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KFTC Investigators to Have Search and Seizure Rights

Posted May. 10, 2005 23:22,   


The Korea Fair Trade Commission (KFTC) has decided to proceed with a plan to qualify an investigator as a judicial police officer or give an investigator the right to seize and search in order to prevent companies from obstructing an investigation process.

Regarding the above mentioned matter, the financial circle is raising its voice against the measure by insisting that the KFTC is forcibly trying to expand its powers on the grounds that some companies interfere with investigation procedures.

On May 10, the KFTC announced that in the wake of the disturbance in its investigation caused by the Samsung Total Corporation, it arranged a comprehensive measure designed to strengthen punishment for the company that obstructs an investigation process and reinforces a KFTC investigator’s authority.

First, the KFTC decided to newly establish a provision that allows for prosecuting a businessman or a staff member who forcibly takes evidence or material from an investigator or destroys it in the Fair Trade Law category.

In addition, in order to enhance the efficiency of investigations into cartels (collective action), the KFTC agreed to discuss a plan that vests an investigator with rights to act as a judicial police official with the Ministry of Justice (MOJ).

Kang Dae-hyung, secretary general of the KFTC, said that despite years of discussion with the MOJ, it hasn’t yet concluded the above matter, explaining that it would consult with the MOJ about basing the above matter on the Fair Trade Law as it is all right to only guarantee the rights to seize and search among other jurisdiction powers of a judicial police official.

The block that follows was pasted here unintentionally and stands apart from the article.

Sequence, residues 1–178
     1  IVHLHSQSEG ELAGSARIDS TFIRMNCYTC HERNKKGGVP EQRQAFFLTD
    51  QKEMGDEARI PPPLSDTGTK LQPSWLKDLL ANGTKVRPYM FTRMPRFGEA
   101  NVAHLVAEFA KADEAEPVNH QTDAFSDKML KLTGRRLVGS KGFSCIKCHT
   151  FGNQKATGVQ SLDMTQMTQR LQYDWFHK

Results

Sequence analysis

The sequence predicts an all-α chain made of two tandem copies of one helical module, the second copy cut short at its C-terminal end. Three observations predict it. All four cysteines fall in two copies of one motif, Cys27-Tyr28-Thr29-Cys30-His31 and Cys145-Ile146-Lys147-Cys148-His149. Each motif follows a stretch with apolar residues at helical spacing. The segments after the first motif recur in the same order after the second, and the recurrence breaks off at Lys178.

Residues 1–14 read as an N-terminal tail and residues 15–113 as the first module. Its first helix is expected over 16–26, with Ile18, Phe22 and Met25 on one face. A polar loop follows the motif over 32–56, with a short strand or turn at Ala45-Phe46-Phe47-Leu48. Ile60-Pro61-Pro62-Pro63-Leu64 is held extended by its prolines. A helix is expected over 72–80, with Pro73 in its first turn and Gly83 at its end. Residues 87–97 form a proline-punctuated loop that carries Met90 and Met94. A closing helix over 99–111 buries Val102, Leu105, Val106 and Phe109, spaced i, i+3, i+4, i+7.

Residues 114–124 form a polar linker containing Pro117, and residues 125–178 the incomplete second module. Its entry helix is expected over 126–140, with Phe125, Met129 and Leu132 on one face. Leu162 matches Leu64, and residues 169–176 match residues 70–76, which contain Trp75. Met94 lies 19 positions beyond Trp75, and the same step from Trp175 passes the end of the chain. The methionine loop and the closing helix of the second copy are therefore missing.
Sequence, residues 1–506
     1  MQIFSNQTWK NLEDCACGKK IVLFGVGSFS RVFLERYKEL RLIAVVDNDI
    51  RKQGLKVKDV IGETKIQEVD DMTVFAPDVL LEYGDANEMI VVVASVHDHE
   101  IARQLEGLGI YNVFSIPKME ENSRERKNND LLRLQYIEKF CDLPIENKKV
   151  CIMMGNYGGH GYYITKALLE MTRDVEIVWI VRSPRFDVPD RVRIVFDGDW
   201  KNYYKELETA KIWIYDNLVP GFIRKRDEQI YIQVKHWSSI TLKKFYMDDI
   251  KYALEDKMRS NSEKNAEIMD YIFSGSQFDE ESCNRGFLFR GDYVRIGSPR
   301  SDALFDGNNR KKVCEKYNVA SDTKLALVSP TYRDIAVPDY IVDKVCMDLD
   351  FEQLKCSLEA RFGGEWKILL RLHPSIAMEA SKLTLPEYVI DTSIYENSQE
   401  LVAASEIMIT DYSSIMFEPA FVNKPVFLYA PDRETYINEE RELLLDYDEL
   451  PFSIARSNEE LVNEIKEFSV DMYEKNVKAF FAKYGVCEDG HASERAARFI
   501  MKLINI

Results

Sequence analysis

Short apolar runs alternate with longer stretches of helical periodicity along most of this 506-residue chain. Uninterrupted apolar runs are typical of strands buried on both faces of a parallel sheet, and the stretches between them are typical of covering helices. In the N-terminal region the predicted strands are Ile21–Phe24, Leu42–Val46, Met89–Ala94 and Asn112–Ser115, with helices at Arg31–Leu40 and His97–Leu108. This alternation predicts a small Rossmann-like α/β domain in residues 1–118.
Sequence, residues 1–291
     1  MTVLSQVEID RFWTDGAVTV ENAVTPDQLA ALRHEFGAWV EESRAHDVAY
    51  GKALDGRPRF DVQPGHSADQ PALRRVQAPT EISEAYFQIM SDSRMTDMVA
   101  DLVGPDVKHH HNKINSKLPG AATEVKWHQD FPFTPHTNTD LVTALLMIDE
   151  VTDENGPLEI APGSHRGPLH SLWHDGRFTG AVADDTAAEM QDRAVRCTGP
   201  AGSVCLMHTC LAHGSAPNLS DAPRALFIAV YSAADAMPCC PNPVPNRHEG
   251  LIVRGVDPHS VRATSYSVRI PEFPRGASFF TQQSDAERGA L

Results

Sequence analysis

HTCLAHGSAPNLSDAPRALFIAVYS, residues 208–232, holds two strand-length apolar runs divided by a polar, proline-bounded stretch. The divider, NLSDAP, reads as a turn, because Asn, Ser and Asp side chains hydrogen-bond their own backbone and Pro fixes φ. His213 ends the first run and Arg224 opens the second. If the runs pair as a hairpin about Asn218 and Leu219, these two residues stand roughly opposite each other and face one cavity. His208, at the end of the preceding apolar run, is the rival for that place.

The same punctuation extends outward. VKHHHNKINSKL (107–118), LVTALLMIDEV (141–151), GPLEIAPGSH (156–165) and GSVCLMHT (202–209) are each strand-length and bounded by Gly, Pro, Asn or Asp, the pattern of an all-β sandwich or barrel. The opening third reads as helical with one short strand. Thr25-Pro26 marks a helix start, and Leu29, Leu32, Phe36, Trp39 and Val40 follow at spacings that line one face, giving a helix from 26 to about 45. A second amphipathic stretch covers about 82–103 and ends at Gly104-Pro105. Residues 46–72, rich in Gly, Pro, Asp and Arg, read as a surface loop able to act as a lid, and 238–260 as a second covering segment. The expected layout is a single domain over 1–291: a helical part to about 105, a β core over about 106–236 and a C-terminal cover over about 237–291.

In separate case, the KFTC settled a plan in which it will watch over the activity of a company that deliberately interfered with an investigation after labeling it as a subject of an intense monitoring for three years.

Also, the KFTC has decided to fine companies up to 20 percent until the charges against the company are confirmed to be a violation of the law, if the staff of a company disturb an investigation.

However, the financial circle showed a defiant response by noting that taking an isolated incident that happened in the case of some companies, the KFTC’s intention to seize and search all the companies went too far when a system capable of imposing a large fine on companies in case of obstruction by a company is in place.

Lee Seung-cheol, the deputy general director of the Federation of Korean Industries (FKI), said that the KFTC has a variety of jurisdiction powers, including a right to investigate one’s official authority, a right to restrain a person in case of his or her refusal to participate in an investigation, and a system to promote whistle blowing, and that it is unfair to introduce the right of judicial police officer powers in an investigation into cartels, which is almost never urgent.

Chi-Young Shin higgledy@donga.com